Latest evidence on sexual health screening published
New resources outlining the latest evidence on sexual health screening have been released by Public Health England (PHE).
The package reveals the latest evidence on the impact and economics of opportunistic chlamydia screening, and HIV screening and testing.
For both subjects, PHE has produced:
- Evidence Summaries: a full review of the latest evidence on opportunistic chlamydia screening and HIV screening and testing including cost-efficacy, impact, acceptability etc.
- Leaders’ Briefings: covering frequently asked questions and considerations for local action.
Dr Anthony Nardone, consultant epidemiologist in PHE’s HIV team, said: "Currently, in the UK around half of all HIV diagnoses are still made late, impacting health outcomes for those affected and driving ongoing transmission. There is an opportunity for all relevant stakeholders, like local authorities, clinical commissioning groups, NHS England teams and providers, to collaborate to reduce late HIV diagnoses.
"Interventions to reduce the number of people living with undiagnosed HIV, around 22,000 in the UK, are also needed. We believe embedding HIV screening and testing in local medical and community services are an essential element of local sexual health services. We encourage all areas to ensure that this is in place, and hope the evidence summary will help inform local planning."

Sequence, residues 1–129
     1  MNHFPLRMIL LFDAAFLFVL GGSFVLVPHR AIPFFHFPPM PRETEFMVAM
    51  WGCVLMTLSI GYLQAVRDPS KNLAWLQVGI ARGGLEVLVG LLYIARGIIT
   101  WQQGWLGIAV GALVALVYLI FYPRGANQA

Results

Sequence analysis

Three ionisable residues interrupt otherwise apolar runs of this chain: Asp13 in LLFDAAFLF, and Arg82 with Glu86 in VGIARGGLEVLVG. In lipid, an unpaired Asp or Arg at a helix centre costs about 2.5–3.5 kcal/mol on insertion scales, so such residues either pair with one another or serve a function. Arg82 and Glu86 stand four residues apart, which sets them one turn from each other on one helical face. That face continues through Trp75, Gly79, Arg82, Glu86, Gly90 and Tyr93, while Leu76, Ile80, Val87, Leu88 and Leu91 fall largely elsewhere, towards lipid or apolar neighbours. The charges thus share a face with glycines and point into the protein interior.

The National Chlamydia Screening Programme (NCSP) recommends screening sexually active young adults, annually or on change of partner, in primary care or sexual health consultations.
PHE believes local authorities now have an opportunity to build on a decade of progress in tackling chlamydia, by ensuring good quality opportunistic screening remains easily accessible to young adults moving forward.